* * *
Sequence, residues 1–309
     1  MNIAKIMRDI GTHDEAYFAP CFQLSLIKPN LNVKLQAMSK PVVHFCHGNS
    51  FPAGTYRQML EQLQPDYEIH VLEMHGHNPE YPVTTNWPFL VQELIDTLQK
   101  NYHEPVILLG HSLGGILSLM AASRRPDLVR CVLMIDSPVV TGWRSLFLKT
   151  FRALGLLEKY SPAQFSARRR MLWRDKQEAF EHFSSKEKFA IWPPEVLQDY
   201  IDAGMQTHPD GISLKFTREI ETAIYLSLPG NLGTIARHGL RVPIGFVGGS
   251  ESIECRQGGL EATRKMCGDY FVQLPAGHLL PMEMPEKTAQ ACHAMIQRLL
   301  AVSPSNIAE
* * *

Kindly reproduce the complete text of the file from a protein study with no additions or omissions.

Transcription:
Sequence, residues 1–309
     1  MNIAKIMRDI GTHDEAYFAP CFQLSLIKPN LNVKLQAMSK PVVHFCHGNS
    51  FPAGTYRQML EQLQPDYEIH VLEMHGHNPE YPVTTNWPFL VQELIDTLQK
   101  NYHEPVILLG HSLGGILSLM AASRRPDLVR CVLMIDSPVV TGWRSLFLKT
   151  FRALGLLEKY SPAQFSARRR MLWRDKQEAF EHFSSKEKFA IWPPEVLQDY
   201  IDAGMQTHPD GISLKFTREI ETAIYLSLPG NLGTIARHGL RVPIGFVGGS
   251  ESIECRQGGL EATRKMCGDY FVQLPAGHLL PMEMPEKTAQ ACHAMIQRLL
   301  AVSPSNIAE